The Louisiana economy can be divided into the categories shown below1. Of these, manufacturing is the largest sector of state wide output. The majority of the manufacturing sector is nondurable goods manufacturing. As a time series, manufacturing data are relatively stationary even though the amount of employment in this sector has dropped by more 30,000 workers over the time frame shown below.

Manufacturing Historical Data

The blue line shows the total value of manufacturing for the state for the past twelve years. The orange line directly below it is nondurable goods manufacturing. The difference between the two lines represents durable goods manufacturing. The comoving dynamics of these data suggest that the fundamentals of the manufacturing sector of the Louisiana economy are not relatively volatile. There appears to be a consistent ratio of nondurable goods manufacturing to total manufacturing for the past ten years. This ratio does not vary more than 5% over this time interval.

The same comoving dynamics that we observe in the level of manufacturing are also observed in the ratio of manufacturing to gross state product (GSP). These data indicate the overall volatility in the sector is driven by GSP volatility and not necessarily manufacturing volatility.

Manufacturing Forecasts

Forecasts2 for Louisiana manufacturing output are made from an aggregation of multiple statistical models designed to approximate the underlying data generating process of the available data. A Bayesian model averaging approach is used here to capture the joint uncertainty that any given model may be misspecified as well as to capturing the probabilistic uncertainty inherent in each individual estimate. Observed data is given in blue while forecasts are presented in orange. The weighted average of all models used is represented by the solid orange line. The upper bound and lower of the cone of uncertainty surrounding these estimates is represented by the dashed upper and lower lines respectively.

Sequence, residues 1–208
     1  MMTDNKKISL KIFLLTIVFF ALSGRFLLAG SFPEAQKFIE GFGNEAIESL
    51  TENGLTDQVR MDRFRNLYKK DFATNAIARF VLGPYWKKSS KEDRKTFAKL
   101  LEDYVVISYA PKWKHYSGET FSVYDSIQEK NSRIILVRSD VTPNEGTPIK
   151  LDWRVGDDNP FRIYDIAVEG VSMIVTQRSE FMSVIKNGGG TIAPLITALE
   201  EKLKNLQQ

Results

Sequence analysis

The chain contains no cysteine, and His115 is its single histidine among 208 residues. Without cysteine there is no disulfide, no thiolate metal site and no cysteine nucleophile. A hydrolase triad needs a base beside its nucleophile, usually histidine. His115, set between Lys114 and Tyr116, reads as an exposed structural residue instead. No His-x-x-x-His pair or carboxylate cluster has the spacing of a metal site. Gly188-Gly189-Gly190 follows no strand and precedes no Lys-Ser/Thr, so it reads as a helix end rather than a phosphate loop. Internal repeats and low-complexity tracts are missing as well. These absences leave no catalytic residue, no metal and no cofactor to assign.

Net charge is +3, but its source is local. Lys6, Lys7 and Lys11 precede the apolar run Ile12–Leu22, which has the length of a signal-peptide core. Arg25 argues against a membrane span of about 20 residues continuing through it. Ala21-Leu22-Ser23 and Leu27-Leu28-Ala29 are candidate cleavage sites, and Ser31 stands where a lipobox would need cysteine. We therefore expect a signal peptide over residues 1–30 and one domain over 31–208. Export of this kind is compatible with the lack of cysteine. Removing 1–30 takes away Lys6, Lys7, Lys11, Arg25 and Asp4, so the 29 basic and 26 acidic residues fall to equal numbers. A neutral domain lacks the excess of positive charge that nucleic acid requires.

Nondurable Goods Manufacturing Forecasts


  1. The section labeled, “Other”, contains the following categories; Agriculture, Utilities, Educational Services, Arts, Management, IT, Administrative Services, Accommodation, and Real Estate. Each of these individual categories account for 3.5% or less of GSP.

  2. Forecasts are provided as a convenience and for informational purposes only without any explicit or implied warranty. The authors and publishers of this post and site bear no responsibility for the information provided here and cannot be held liable for any negative consequences that may arise due its publication. Forecasting the future is inherently a tricky proposition, and all forecasts have an error term attached to them. Please exercise caution when making financial and business decisions based on the information provided. Use this information as a single input into your decisions making process.

Patrick is an assistant professor of Economics at Louisiana Tech University. He researches interest rate determination and the inflationary consequences of suboptimal monetary policy. He teaches monetary economics, research methods & macroeconomic theory.